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Irish economy in freefall

Despite comments to the contrary by the Irish government, the Irish economy would appear to be in freefall with startling figures showing a 7.5% reduction in the size of the economy towards the end of last year. While the fall in GDP for the whole of 2008 was a much lower 2.3%, there are serious concerns that short-term weakness and a lack of consumer spending could push the economy deeper and deeper into recession.

It is difficult to imagine this is the same economy which was being put forward as a marker for everybody else to follow as governments around the world tried to refloat their economies just a few months ago. But the last few weeks have seen a substantial turnaround with serious issues arising in the Irish banking sector including an alleged fraud and the nationalisation of a major Irish banking group.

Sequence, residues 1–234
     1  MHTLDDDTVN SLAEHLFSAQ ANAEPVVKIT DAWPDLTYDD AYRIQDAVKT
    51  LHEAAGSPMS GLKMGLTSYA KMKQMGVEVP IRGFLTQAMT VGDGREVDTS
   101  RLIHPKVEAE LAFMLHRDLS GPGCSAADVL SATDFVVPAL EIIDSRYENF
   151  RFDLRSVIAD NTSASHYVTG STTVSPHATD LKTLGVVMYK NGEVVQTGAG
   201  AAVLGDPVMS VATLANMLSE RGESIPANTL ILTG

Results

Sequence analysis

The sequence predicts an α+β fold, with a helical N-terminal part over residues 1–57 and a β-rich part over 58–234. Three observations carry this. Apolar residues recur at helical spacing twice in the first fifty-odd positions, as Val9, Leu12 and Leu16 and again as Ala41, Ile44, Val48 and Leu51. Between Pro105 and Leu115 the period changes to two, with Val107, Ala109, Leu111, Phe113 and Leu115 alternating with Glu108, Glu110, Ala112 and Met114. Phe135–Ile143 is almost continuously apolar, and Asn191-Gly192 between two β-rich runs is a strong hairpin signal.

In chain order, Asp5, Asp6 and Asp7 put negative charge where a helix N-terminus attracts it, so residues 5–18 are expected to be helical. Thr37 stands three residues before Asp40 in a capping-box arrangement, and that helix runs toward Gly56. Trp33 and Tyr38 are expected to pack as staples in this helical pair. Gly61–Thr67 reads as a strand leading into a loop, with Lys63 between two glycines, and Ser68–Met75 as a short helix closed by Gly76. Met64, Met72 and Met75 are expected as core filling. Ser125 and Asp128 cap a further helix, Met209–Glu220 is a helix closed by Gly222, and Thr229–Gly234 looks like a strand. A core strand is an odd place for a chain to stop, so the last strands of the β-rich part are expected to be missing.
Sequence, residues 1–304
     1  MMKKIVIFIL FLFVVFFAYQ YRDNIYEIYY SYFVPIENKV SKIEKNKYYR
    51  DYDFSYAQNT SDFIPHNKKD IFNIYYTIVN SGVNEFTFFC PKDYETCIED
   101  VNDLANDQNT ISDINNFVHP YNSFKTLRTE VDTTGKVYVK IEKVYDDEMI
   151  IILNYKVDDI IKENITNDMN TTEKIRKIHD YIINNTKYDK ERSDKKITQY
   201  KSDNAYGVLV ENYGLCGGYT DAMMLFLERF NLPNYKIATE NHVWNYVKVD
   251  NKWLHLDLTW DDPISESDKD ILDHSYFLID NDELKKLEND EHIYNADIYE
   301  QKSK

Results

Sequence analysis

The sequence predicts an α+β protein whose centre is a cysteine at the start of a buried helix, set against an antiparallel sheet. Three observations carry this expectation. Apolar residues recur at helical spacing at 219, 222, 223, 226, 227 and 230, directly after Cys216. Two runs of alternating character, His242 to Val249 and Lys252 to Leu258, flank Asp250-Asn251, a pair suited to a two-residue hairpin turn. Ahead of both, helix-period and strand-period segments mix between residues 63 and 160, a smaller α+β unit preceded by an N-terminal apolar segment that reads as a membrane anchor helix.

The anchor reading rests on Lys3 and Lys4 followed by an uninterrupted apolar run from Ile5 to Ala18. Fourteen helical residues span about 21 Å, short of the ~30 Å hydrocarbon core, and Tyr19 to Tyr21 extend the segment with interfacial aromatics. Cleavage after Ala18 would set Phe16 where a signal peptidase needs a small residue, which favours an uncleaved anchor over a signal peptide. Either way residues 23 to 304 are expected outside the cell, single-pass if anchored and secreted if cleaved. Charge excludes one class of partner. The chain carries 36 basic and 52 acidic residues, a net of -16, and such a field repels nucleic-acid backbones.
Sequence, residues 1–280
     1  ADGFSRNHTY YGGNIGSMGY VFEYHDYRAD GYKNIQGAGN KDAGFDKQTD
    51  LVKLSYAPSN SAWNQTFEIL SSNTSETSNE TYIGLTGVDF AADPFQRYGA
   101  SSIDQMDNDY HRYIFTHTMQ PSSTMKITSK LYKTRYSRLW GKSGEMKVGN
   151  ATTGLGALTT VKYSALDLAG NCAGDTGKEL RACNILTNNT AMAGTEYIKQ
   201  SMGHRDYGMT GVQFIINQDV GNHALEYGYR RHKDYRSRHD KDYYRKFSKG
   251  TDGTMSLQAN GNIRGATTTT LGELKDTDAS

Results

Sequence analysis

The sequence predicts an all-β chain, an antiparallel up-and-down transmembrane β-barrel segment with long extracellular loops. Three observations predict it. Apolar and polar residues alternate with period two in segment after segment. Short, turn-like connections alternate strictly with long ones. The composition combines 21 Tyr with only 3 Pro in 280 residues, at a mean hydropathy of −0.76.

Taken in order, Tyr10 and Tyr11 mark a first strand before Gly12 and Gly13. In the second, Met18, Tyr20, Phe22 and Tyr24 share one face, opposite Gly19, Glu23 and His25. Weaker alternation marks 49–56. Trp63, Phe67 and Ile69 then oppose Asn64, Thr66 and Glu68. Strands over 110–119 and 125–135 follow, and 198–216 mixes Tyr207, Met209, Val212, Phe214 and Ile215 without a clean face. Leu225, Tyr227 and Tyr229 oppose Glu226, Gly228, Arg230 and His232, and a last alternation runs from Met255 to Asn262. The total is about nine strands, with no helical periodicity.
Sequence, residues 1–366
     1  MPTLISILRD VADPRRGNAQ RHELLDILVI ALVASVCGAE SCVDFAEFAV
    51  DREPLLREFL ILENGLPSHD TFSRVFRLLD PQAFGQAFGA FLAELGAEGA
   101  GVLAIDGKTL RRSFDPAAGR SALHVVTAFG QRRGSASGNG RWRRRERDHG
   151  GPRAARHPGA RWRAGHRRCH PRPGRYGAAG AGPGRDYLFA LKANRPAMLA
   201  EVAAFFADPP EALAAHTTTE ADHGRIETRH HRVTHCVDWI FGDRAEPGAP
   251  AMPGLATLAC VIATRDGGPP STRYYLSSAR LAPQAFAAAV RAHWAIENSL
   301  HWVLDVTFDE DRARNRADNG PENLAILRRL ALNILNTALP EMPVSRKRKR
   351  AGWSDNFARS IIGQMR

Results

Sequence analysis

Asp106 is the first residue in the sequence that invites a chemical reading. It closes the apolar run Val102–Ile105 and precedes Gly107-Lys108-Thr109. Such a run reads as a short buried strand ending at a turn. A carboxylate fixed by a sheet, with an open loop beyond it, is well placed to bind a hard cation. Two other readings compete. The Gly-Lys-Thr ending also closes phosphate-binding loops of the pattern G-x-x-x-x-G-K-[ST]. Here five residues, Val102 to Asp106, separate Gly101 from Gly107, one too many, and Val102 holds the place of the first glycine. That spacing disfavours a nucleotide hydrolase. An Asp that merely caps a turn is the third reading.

As well as consumer spending showing signs of a severe reduction in the short to medium term, there has also been a sharp fall in industrial output which does not bode well for the future. There have been rumours for some time that the Irish government has made contingency plans with the likes of the IMF but these have been refuted on a regular basis. But how long can the Irish government really hang on?

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